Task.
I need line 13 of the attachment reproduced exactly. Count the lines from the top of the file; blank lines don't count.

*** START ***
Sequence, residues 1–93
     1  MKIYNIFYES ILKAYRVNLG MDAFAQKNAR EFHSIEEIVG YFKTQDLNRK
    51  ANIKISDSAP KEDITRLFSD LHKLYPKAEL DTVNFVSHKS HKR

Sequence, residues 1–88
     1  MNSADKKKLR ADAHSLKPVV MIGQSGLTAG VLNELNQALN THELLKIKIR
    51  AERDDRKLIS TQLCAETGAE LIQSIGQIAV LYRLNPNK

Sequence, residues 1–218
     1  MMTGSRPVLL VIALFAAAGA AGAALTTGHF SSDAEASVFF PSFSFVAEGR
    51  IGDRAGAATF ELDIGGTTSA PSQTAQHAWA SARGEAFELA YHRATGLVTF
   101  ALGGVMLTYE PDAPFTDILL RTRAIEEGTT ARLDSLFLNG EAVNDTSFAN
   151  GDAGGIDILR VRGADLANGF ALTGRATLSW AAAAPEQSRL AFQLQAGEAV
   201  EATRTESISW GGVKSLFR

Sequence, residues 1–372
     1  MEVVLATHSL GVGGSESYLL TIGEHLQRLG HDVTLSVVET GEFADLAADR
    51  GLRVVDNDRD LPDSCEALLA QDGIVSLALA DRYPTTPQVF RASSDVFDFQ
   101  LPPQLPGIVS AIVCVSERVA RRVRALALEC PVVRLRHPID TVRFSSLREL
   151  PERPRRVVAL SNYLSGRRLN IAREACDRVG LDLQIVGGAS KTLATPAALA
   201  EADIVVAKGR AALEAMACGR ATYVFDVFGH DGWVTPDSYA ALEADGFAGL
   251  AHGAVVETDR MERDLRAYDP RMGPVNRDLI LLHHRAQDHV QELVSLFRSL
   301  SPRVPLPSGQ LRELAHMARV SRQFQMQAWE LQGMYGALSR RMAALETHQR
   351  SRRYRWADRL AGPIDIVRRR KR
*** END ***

Sequence, residues 1–372